School Days and Preschool Days, Too:
A treasury of anecdotes culled from my work and play as a preschool worker and an elementary school after- school activities supervisor


     Did you ever think about a ball? A ball that is round and rubber, that bounces on any hard surface and comes right back? Adults forget about the magic of all this. But nearly all children LOVE a ball. It effortlessly attracts groups of them to its bright, bouncy, spherical self. It easily organizes their play. Think how happy a bright yellow, sphere of a big, bouncy ball must be, giving all that joy to children, letting them do whatever they want with it. It's happily ready to be kicked, thrown, rolled, bounced—on the ground or up against a wall—a ball has that joyful, obedient momentum.
      In fact, a ball
is a joyful, obedient momentum. Oh, to be more, much more, like a ball!


     Every day, the kids run out to the playground at After-care, and with a shining, yellow ball, assigned to them like an guardian angel, they stampede to the field to play kickball! We used to call it Soccer Baseball. Just like in baseball, one team plays the field while the other "bats", and runners traverse the three bases and try to score. And with a big, smiley ball to kick high in the air till it looks like a sun or a moon, and far, far out into the field as the pitcher serves it up "slow and smooth"—what a paradise for a child!
      Each day we start the game—I, the teacher, pitch for both sides—by deciding what the teams are, a process that almost invariably leads to raised young voices.
      "Third grade 'verse!" shouts someone. That means the third graders against everybody else.
      "No, me and John and Chris against everyone else!" screams someone else.
      "No, we don't want Wally!" comes still another voice. Children, of course, are famously lacking in social niceties. I try to undo the harm of such ugly words, any way possible, as soon as I hear them. Often feeling blessed in my job like the grateful companion of real cherubs, at times like these my role comes to seem more like that of a UN Peacekeeper on the Afghan border.

      Finally, teams are agreed upon and the game begins. Relative peace reigns. Bright yellow balls deliciously meet the feet of youngsters whose sense of empowerment soars with their mighty, towering drives gloriously rising and falling in blue skies, popping in and out of arms, bouncing harmlessly off runners being thrown out—until the first disputed call.
      "I was safe!" shouts the runner, whose body a thrown ball nicked just as his foot was about to come down on third base.
      "You weren't on the base yet!" scream the opponents. It's amazing how desire influences perception. Soon the contested play at third is itself forgotten, as each side reinforces its own view with every shout. Such delays often occur several times an inning. As umpire, I try to call for take-overs or compromises, sometimes even when I'm pretty sure what really happened.
      Some children have a way of shouting everything when on a field, so that even if they're not angry, it sounds as if they are. Or maybe, egged on to extreme competitiveness by parents or professional sports examples on TV, they are always angry, or close to it, during a game.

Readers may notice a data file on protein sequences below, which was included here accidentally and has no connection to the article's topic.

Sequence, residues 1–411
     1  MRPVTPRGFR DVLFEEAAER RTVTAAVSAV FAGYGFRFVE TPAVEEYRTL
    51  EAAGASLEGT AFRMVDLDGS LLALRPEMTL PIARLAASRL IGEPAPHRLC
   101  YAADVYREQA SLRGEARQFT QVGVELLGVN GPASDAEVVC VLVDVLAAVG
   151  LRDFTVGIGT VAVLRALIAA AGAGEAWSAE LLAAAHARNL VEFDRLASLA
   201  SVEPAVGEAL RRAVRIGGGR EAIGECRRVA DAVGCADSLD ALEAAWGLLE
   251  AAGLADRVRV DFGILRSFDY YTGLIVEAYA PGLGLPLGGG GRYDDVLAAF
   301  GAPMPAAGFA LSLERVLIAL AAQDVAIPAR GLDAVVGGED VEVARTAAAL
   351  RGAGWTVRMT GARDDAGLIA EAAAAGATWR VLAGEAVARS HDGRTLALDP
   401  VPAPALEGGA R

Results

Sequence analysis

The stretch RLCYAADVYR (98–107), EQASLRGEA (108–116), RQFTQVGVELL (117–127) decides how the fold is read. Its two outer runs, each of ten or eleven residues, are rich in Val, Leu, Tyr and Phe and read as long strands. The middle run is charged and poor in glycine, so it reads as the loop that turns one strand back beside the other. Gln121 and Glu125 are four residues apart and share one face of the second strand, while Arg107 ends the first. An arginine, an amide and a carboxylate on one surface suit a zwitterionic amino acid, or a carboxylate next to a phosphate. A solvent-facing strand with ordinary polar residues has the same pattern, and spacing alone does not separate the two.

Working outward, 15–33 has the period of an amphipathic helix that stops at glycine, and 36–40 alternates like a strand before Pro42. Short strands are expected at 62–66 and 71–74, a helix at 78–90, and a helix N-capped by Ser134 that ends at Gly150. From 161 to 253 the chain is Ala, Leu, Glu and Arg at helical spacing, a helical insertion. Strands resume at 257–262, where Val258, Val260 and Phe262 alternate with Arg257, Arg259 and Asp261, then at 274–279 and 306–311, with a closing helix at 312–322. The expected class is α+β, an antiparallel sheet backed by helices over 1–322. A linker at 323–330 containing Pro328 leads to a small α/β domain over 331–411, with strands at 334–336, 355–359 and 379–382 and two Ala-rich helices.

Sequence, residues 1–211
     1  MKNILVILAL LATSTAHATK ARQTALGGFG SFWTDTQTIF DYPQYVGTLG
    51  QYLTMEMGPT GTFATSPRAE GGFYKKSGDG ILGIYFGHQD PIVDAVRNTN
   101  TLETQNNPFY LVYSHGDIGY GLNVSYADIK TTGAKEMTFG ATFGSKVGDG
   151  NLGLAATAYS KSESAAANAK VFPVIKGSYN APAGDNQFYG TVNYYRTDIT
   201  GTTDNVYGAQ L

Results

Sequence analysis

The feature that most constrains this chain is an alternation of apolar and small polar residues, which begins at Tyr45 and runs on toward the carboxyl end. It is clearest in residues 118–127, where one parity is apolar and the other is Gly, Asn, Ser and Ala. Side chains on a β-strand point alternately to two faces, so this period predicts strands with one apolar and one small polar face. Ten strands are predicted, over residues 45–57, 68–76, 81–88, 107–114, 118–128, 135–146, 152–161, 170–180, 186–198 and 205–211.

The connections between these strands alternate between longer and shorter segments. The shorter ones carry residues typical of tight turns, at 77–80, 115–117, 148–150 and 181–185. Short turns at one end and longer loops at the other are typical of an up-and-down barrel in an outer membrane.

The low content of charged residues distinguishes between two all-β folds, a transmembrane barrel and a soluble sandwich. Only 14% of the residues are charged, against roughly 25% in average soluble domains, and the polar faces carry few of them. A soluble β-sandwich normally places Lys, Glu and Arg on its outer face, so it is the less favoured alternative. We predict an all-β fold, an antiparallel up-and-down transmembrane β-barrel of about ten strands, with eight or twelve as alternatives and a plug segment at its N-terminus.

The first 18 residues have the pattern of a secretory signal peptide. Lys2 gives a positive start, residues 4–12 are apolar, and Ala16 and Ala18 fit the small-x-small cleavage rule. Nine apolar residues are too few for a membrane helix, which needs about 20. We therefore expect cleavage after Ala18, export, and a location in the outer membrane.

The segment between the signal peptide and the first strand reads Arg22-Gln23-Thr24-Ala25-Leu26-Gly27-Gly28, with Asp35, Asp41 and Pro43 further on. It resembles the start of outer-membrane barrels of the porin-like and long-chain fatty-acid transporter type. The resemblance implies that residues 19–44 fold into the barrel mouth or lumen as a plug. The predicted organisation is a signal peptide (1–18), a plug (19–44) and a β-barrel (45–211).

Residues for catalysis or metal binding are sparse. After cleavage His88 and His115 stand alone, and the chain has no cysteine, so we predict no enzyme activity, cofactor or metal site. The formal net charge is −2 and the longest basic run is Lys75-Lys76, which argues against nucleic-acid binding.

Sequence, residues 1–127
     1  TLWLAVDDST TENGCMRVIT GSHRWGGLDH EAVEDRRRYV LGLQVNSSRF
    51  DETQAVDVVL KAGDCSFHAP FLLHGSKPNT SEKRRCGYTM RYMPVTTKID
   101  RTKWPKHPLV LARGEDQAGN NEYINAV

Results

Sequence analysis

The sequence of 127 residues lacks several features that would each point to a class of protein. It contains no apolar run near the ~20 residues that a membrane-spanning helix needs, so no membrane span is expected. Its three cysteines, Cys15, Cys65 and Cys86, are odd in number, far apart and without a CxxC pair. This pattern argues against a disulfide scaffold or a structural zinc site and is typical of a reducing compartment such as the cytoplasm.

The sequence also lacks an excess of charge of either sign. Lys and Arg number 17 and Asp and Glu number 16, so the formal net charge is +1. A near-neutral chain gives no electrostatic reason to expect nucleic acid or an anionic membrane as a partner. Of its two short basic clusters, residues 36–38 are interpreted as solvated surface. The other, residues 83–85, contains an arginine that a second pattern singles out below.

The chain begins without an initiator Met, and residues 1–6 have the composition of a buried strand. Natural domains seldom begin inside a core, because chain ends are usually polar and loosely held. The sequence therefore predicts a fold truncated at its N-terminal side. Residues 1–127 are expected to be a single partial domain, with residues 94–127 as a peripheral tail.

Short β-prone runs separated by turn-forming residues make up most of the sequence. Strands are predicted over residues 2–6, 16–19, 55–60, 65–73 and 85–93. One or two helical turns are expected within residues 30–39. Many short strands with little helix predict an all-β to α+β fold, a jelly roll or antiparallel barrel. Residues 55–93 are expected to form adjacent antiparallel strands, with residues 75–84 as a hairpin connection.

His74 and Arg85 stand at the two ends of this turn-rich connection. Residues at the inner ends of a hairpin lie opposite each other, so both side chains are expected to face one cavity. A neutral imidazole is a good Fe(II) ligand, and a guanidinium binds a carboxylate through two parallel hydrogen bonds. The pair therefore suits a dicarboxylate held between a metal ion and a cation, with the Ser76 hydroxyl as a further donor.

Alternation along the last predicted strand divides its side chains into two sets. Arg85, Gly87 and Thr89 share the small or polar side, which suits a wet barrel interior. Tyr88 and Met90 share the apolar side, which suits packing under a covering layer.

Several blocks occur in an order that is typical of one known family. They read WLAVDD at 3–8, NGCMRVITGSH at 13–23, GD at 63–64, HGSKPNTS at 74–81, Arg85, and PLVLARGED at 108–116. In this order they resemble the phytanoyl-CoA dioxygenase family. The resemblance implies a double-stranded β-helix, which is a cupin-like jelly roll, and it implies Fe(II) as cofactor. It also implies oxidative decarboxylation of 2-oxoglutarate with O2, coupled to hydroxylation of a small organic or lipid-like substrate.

Sometimes it seems the fun of the game, when all is told, barely outstrips the friction of disputes. I do anything I can to get the game going again, to see the sun-like ball back in the blue sky and happy boys and girls rounding bases once more.
      Usually in our games there aren't enough fielders to cover both the bases and the outfield, so that the game becomes pretty much of a rout by whatever team is kicking. Balls boom cannon-like off feet into the deep outfield in rapid succession. Hapless center, right and left fielders drop ball after ball, or turn and chase balls that have flown over everyone's head. But sometimes—it's not so rare— an outfielder will be able to hold onto one of the towering fly balls, which then becomes a long "out". These catches are as beautiful to watch as the kicking of such a ball, and profoundly empower the fielder, who after all has trumped the author of the mighty drive.
      Sooner or later the side goes out, the kickers and fielders switch, and the slaughter reverses. My heart usually roots for the defenders, who stoically chase balls and await the next drive into an unoccupied field.

     In all the melee' of a kickball game, the one thing nobody ever seems to do is keep score. After numerous innings of yesterday's game, I announced from the pitcher's stripe, loudly, "The score is 673-672."
      "Who has the 673?" asked a lone voice, the only response, and I had to explain that I was joking. The point is, I suppose, that the game is about kicking and catching and suspense, and being brought together by a beautiful sun-shiny ball. It's a here-and-now thing. No one has ever asked, when a game is over, "Who won?"
      In fact, the games really don't end at all, they just sort of fade away. After an hour or so, players start to drift off, without anyone replacing them. Rarely do they announce, "I'm leaving" or "I quit." One or two of them go first. Then all of a sudden one inning, I'll be holding the ball waiting for the sides to change, and there's nobody else left anywhere on our part of the playground.
      "Is that how all these games end?" I asked one second-grader who was still lingering nearby. She shook her head "yes". I look around the big blacktop, and everybody's already doing something else. It's like we never even had a game. Till tomorrow's stampede, that is.

continued   back  contents   title page

 "What Remains Is the Essence", the home pages of Max Reif:
poetry, children's stories, "The Hall of Famous Jokes", whimsical prose, paintings, spiritual recollectionand much more!

Enjoy the stories? Have any of your own ?
introduce yourself:

send an e-mail my way
sign my Guestbook